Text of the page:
Monday, July 12, 2010

Case study: Arsenic poisoning in Bangladesh

After knowing more about arsenic, we will now look at a case study of Bangladesh to showcase the seriousness of arsenic poisoning to human health.

Picture extracted from:

High level of arsenic contamination can be observed in Bangladesh with more than 20 % of the total land contains arsenic of concentration more than 50 μ g/ L as depicted from the picture.


Arsenic is naturally occurring in pyrite bedrock underlying much of West Bengal. The poisoning began to occur as millions of kiloliters of water were being pumped out from deep within underground reservoirs for more water resources. As a result, the water level dropped and exposed the arsenic-bearing pyrite to air leading to oxidisation, a reaction which flushed arsenic into the remaining water, contaminating them with arsenic compounds. This has lead to a large numbers of clean wells to be contaminated and expose more people to arsenic poisoning.

In the 1970’s, villagers in Jampukkur started to notice dark spots spread across their bodies; not knowing exactly what was actually causing it. Until 1993 did the villagers learned that they were drinking arsenic contaminated water with 95% of the village wells being contaminated.

Social effects...

Besides health effects, arsenic also poses several social effects to the people of Bangladesh. Not only did arsenic take away millions of life in Jampukkur, it has also leaved citizens in tremors and pain. More reports of broken marriages surfaced when husbands send disfigured wives back to their parents for the fear that their wives disfigure is cause by arsenic poisoning. In Jampukkur, literally no young men and women get married at all. People believe that arsenic poison can be passed on from the parent to child, leading to many arsenic poisoned women having problems finding husbands.

Hence, it is evident that people suffering from arsenic are neglected by friends, neighbours and even their own relatives. They are either avoided or discouraged to appear in public places. Children who are affected are not allowed to go to school while adults are discouraged to attend public meetings and going to the office to work. Even qualified individuals are refused jobs if they are found suffering from arsenic poisoning. People in the surroundings are also indirectly affected as they grief over their loved ones who are suffering from the poisoning. Above all, those people who are affected will not have a proper social life.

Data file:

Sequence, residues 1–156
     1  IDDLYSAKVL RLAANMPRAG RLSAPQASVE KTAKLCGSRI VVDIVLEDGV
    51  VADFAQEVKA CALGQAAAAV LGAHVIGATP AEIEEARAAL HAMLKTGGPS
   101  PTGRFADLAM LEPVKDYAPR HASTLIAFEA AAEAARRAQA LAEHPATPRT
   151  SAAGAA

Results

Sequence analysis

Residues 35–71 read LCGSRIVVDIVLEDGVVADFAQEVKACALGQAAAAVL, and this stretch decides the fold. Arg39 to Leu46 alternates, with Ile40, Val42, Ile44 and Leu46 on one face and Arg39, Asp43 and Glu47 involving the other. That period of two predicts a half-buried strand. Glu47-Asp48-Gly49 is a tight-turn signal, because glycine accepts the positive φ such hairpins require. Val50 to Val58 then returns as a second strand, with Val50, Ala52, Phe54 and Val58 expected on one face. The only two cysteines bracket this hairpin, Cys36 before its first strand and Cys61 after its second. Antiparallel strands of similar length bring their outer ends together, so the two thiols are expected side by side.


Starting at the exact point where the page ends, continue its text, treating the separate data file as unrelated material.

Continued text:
The picture shows a woman in Bangladesh with skin lesions on her soles as a result of drinking water contaminated with arsenic


Some scientists hypothesize that Bangladesh's problem is caused by local water chemistry. Others suggest it is because of the way vegetation decomposes in the monsoon cycles of wet and dry periods, which affect levels of oxygen in ground water.

And local factors enhance the impact of the poison, including a poor diet and addiction to chewing intoxicating betel palm seeds.
Prevention is the only solution, because there is no satisfactory treatment to arsenic poisoning, say experts.

Villagers pumping water at a Bangladesh well.

The table above shows the arsenic calamity in Bangladesh.

Monitoring arsenic in Bangladesh....

As mentioned in our video, scientists uses field test kits to monitor arsenic in Bangladesh. We discussed previously that arsenic normally exists in groundwater in the form of arsenite and arsenate. Arsenate is reduced to arsenite by using reducing agents such as potassium iodide and stannous chloride. Arsenite is then added to zinc and hydrochloric acid, which produces arsenic in the form of gas, known as arsine gas. The arsine gas is then treated with a specially prepared paper disk, which will show a change in colour. Scientists will then compare the color produced with a color scale to determine the concentration of arsenic in the water sample. An example of a method that uses this principle is the determination of arsenic by Arsenomolybdate, which is a relatively inexpensive and accurate method of detection. The arsenomolybdate is measured spectrophotometrically at 835nm.

The diagram above shows the instruments used for Arsenomolybdate

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